As for the name, it has endearingly geeky origins. “If you add up all the carbon atoms in all the humans on earth, it’s 10 to the 38th power, and the URL was on sale for $1.99 on GoDaddy.com,” Warner Johnson says. And the site's offerings are just as approachable: Stocking unknown brands has been a priority since the its launch. "Everything on our site sells well; there isn't one brand that sells a lot better than others, and that speaks to the need in the marketplace," Gogolak says. "We can move a $60 pair of Onzie leggings and a $400 pair of Lucas Hugh leggings just the same."

International sales account for 9% of the site's sales, and Dubai and Hong Kong are Carbon38's top-selling cities outside of the U.S. "There's one family in Riyadh, Saudi Arabia that purchases a lot; it's interesting to see their purchasing patterns," Warner Johnson says.
Photo: Courtesy of Carbon38.
Carbon38 was around for a solid year or so before Net-A-Porter launched a standalone athleisure site, Net-A-Sporter, arguably posing the biggest competition to Gogolak and Warner Johnson’s site and its fashion-meets-fitness M.O. “There was initial panic, but after 24 hours, we chilled out and saw that it was a good thing,” Warner Johnson says of learning about Net-A-Sporter. “It signified to us was that more people were wearing activewear than ever, and activewear was being accepted as chic. There are so many juice bars across the country — that just means more people are drinking juice. It’s the same thing for activewear.”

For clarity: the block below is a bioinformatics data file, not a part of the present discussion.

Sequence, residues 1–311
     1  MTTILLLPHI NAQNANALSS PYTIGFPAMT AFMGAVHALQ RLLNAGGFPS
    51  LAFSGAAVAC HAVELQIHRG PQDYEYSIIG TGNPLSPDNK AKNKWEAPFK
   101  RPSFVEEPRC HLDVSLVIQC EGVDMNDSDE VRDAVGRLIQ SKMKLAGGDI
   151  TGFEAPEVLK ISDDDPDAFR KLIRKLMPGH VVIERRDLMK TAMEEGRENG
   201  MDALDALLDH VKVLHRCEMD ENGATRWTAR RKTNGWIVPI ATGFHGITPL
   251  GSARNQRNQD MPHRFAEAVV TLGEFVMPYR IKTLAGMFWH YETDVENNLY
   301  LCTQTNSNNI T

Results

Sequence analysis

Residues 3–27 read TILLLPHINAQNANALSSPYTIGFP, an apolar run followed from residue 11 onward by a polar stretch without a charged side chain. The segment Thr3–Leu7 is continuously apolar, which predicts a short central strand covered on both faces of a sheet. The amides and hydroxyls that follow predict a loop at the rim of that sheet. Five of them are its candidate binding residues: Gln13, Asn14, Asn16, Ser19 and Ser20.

The retailer has stocked a couple of branded tees and such in the past, but on December 1, Carbon38 will launch its very own collection priced at $100 to $300. It’ll go beyond the expected leggings, sports bras, sweatpants, and workout tops — there will also be dresses, jackets, and jumpsuits in the mix. Beyond the eponymous line, Carbon38 also has a project in the works with a yet-unnamed boutique fitness studio that will be out in the next few months. Brick-and-mortar stores will crop up eventually, as well. “We’ll do it in a way that’s disruptive to the retail landscape,” Gogolak says. “But we’re growing so fast online currently, we want to stay focused [on e-commerce].”
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Photo: Courtesy of Carbon38.
The site’s most steeply-priced items — we’re talking mid-three figures — could certainly be seen as exorbitant. (Granted, the easily spoof-able activewear boom has reached a point where Lululemon recently hiked its already-high legging prices, much to customers’ ire, and Brit import Sweaty Betty has been raising eyebrows with its pricing.) Carbon38 doesn’t have a price cap for its inventory, but everything gets wear-tested: “If the quality is there and they’re worth the price, we’ll sell it.” Gogolak says. “If we believe a pair of leggings are worth $400, we’ll stock them.” An exceptionally splurge-y sports bra is a total luxury, but the site vets every single Spandex-packed item with wear-testing before deciding what to stock.

Suffice it to say, their business acumen is paying off. Carbon38 has raised $5 million to date, and will be going out for Series A funding next year. But will the athleisure bubble burst anytime soon? That concern warrants an emphatic “no!” from Gogolak. “Look, denim sales are down 6%, and activewear sales are up 45%,” she says. “This is not just a trend, this is a cultural shift in the way women are dressing.”
Photo: Courtesy of Carbon38.